7. It is difficult for people to share power. History shows that we rarely do it voluntarily. Understanding this past can help clarify why there is sometimes a backlash associated with diversity efforts from people who believe they will lose in this experience.

All of these truisms about the human species do not make people mean-spirited or cruel. It just makes us human. Never- the less, these realities make dealing with diversity a challenge.

The beauty of diversity — and the thing that makes it so powerful — is learning to appreciate it and creating an environment where it can grow and thrive. Diversity can be a great source of strength. Our aim is to create an environment where we can explore our differences in a safe and respectful way that helps each person understand their value and celebrates what diversity brings to AAUW.

Any member that is interested in serving on the La Crosse Branch of the Diversity, Equity and Inclusion committee, please contact June Reinert: or 608-881-0456.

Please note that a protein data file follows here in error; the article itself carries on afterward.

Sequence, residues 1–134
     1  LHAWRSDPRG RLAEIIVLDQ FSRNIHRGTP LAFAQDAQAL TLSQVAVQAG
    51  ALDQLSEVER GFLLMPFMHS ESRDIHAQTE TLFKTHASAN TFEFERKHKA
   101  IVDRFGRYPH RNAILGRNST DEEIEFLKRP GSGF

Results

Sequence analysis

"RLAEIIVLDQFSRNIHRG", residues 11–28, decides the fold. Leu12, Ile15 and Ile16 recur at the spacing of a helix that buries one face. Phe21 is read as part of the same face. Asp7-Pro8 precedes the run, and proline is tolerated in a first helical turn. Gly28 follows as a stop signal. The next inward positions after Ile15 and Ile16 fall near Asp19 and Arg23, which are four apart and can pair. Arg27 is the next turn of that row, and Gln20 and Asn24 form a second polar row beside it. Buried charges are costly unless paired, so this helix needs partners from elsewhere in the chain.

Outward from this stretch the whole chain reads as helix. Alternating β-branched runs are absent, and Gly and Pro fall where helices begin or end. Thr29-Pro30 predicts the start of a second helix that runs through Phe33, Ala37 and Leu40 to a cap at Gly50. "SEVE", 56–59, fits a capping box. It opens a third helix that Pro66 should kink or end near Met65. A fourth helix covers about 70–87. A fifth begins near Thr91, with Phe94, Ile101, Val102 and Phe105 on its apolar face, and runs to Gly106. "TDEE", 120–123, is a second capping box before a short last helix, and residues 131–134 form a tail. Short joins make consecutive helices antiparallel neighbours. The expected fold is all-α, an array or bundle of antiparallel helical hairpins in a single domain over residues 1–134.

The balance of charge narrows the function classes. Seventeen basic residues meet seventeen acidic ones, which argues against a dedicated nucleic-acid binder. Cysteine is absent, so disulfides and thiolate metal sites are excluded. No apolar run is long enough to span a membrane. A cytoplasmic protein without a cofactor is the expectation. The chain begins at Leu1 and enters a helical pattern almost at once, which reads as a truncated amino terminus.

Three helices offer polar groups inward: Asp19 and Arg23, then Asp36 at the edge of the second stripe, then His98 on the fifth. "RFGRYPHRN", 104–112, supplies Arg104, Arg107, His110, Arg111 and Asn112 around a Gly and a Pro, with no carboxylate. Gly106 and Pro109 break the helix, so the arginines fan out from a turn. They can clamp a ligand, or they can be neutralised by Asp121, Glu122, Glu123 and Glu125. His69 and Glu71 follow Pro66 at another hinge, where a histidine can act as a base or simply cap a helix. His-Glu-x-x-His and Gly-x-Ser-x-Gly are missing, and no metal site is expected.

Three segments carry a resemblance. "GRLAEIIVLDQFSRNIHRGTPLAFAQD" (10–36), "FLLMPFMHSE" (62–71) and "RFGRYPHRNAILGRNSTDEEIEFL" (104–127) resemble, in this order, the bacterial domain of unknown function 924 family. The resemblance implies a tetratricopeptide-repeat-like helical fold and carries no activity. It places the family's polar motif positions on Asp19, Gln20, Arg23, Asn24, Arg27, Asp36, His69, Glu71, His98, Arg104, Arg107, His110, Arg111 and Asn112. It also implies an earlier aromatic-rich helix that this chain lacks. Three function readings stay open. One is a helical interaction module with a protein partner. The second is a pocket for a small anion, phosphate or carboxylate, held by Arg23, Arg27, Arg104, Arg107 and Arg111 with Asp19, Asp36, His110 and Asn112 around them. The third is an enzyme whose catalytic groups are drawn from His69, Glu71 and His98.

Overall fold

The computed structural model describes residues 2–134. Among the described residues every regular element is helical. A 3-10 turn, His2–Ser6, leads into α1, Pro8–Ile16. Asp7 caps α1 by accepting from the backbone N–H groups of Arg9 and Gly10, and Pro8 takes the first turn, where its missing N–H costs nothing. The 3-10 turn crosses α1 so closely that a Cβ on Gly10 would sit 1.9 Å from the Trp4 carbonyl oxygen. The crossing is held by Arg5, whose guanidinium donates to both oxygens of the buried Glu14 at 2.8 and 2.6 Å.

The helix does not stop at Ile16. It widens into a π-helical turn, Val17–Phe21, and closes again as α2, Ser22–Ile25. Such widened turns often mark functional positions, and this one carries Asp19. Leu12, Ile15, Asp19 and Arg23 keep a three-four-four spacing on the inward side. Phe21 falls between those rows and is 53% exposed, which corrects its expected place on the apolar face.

In September Newsletter

Diversity, Equity and Inclusion
by June Reinert, DE&I La Crosse Branch Coordinator


Definition of allyship:
1: the state or condition of being an ally: supportive association with another person or group. “An active, consistent, and arduous practice of unlearning and re-evaluating, in which a person in a position of privilege and power seeks to operate in solidarity with a marginalized group.”

Anyone can be an ally, but it’s not a passive role. It means speaking up and taking action not just claiming the title. Mistakes are inevitable, but being open to listening, learning, and doing better is an important part of allyship.